It is said that on November 8, 1810, priest Hidalgo officiated mass in the emblematic tree, known by the community as Palo Bendito, in thanksgiving for preserving life, after such a bloody battle.
Parish of San Jerónimo
In the State of Mexico there are convents, churches and cathedrals that are distinguished by their 16th century iberian architecture and in some aspects evidence the influence of their indigenous builders, as seen in the Parish of San Jerónimo.
The building of the parish and former convent was begun in 1540; Those who come to this site can enjoy the simplicity typical of the Franciscans and a style inherited from the Middle Ages that features buttresses and small windows.
Already in 1674, in another stage of construction, the parish was built with a modified baroque style called Tequitqui, that is, the indigenous interpretation of European forms.
On a tour of the interior you will see a colorful sundial, an oil painting of the Blessed Virgin of Guadalupe and a painting by Miguel Cabrera made in 1790, “The Last Supper”, which shows the majestic work of one of the most sought after artists in the viceregal era.
In the former convent stand out the oil of San Antonio de Padua, the painting of San Juan Nepomuceno and that of a Franciscan embracing the Holy Cross.
Local legend says that San Jerónimo had a lion at his side, but was taken away by the townspeople; this caused that at night the roar of the lion was heard, the door of the church dawned like some animals appeared dead, reason why it was agreed to return it to its place, and thus never again heard the roars.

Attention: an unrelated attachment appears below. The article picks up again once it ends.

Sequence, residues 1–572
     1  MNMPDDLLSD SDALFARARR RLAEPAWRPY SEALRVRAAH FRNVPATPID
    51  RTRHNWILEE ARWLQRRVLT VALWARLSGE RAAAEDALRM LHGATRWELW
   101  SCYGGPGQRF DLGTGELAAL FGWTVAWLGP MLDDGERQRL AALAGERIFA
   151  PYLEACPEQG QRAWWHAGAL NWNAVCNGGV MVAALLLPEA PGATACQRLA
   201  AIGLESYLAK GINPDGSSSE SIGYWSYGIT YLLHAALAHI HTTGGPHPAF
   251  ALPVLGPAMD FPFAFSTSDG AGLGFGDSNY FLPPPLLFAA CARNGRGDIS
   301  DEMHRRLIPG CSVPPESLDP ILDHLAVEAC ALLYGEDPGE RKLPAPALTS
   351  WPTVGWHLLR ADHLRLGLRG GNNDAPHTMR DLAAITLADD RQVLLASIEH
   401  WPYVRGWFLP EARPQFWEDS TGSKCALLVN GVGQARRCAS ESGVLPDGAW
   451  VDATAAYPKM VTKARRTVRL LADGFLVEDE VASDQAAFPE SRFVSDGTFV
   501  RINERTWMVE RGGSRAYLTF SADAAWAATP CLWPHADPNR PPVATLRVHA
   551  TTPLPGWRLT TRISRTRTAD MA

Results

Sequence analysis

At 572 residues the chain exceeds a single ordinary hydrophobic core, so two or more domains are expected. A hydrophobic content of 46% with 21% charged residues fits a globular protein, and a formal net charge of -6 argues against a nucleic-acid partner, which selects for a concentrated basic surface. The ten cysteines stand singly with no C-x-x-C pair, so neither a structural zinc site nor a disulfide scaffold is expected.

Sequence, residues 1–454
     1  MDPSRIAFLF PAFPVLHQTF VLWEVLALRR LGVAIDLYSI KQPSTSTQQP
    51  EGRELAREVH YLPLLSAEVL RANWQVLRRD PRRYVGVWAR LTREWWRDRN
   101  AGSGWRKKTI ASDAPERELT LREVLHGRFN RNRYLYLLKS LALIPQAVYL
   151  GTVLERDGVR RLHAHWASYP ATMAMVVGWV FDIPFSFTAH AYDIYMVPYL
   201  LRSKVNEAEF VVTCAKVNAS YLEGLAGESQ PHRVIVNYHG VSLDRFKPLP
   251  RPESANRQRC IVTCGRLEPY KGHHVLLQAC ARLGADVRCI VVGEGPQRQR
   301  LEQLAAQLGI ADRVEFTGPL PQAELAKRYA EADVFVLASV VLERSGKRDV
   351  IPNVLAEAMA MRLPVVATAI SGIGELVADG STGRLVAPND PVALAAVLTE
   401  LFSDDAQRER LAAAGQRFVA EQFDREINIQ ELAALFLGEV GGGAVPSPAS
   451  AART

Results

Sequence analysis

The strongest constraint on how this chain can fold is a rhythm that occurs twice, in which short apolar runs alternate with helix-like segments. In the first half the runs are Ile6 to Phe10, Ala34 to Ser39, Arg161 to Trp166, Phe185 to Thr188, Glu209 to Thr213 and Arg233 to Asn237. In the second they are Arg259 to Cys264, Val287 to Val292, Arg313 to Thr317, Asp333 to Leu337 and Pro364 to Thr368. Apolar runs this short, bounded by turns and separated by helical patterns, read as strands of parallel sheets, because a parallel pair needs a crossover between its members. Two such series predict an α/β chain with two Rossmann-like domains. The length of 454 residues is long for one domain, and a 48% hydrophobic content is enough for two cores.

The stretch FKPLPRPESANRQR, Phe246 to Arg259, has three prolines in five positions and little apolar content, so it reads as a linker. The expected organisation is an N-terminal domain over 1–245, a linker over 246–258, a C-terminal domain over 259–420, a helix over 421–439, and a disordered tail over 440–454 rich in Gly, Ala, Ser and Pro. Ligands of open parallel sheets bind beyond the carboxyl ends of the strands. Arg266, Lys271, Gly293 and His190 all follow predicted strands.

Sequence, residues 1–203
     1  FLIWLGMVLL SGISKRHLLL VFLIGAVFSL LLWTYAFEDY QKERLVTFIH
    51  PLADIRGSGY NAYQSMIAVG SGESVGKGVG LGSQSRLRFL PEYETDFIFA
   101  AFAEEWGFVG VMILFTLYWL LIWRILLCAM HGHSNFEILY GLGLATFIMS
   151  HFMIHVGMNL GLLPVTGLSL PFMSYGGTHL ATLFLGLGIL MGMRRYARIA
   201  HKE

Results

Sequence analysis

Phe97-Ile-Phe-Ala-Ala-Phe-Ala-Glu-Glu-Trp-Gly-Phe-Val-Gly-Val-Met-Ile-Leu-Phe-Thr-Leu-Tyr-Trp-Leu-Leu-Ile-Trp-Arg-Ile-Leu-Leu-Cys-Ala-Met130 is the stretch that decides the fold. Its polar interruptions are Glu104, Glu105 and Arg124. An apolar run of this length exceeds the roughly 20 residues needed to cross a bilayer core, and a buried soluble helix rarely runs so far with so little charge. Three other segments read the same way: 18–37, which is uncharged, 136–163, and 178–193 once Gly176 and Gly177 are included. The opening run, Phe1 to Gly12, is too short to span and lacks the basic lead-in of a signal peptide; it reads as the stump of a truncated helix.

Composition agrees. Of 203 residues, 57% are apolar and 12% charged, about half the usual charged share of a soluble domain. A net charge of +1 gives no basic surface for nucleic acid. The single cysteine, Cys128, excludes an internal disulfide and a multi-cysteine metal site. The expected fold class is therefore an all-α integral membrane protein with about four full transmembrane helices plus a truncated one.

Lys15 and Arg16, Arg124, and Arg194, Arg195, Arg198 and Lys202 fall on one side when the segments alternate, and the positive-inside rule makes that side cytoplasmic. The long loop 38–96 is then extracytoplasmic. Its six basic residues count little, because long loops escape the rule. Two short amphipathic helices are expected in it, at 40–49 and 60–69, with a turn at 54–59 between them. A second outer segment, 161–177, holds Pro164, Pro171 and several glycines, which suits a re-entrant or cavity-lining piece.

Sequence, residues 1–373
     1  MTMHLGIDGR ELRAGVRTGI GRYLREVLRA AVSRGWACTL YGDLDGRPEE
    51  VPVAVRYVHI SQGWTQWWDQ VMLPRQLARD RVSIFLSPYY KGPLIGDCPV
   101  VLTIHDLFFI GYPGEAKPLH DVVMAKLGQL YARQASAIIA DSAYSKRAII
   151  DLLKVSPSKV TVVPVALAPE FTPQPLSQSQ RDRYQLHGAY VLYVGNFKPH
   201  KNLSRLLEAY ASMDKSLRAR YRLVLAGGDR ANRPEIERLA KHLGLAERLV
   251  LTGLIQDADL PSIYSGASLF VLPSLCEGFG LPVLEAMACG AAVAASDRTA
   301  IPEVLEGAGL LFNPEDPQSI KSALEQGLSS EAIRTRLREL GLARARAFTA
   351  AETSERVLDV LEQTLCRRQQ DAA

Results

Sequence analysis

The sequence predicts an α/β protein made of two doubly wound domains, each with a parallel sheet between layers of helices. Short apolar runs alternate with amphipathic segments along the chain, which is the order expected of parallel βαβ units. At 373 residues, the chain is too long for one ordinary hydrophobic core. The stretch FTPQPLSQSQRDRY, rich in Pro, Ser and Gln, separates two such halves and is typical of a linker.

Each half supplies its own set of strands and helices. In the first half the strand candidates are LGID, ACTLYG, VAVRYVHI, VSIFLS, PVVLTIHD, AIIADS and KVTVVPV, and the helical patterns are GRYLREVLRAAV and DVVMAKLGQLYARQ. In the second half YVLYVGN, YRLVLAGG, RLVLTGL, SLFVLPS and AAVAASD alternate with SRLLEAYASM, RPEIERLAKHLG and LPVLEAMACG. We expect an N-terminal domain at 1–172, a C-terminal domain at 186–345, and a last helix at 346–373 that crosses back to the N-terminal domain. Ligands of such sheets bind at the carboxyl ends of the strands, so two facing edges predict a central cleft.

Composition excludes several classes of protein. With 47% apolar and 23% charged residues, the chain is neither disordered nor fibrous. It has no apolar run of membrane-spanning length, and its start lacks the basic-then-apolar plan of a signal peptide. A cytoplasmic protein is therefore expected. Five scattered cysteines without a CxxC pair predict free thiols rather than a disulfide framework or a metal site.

Sanctuary of Lord of Nenthé
In this small sanctuary of modern architecture, the image of the Lord of Nenthé or “Lord of Water” is worshiped, to whom various miracles are attributed.
Legend has it that one day the old temple caught fire; the settlers began to look worriedly about the whereabouts of the image; to their surprise they found it intact at the foot of an oak tree from which a water spring began to sprout.
Until today, when the dry season is very strong, the inhabitants take the image in procession to ask it to rain.
After some tour of the surroundings, the Municipal Spa (located in the streets of Iturbide and Corregidora), with its Olympic pool, is the ideal place to practice swimming or just cool off.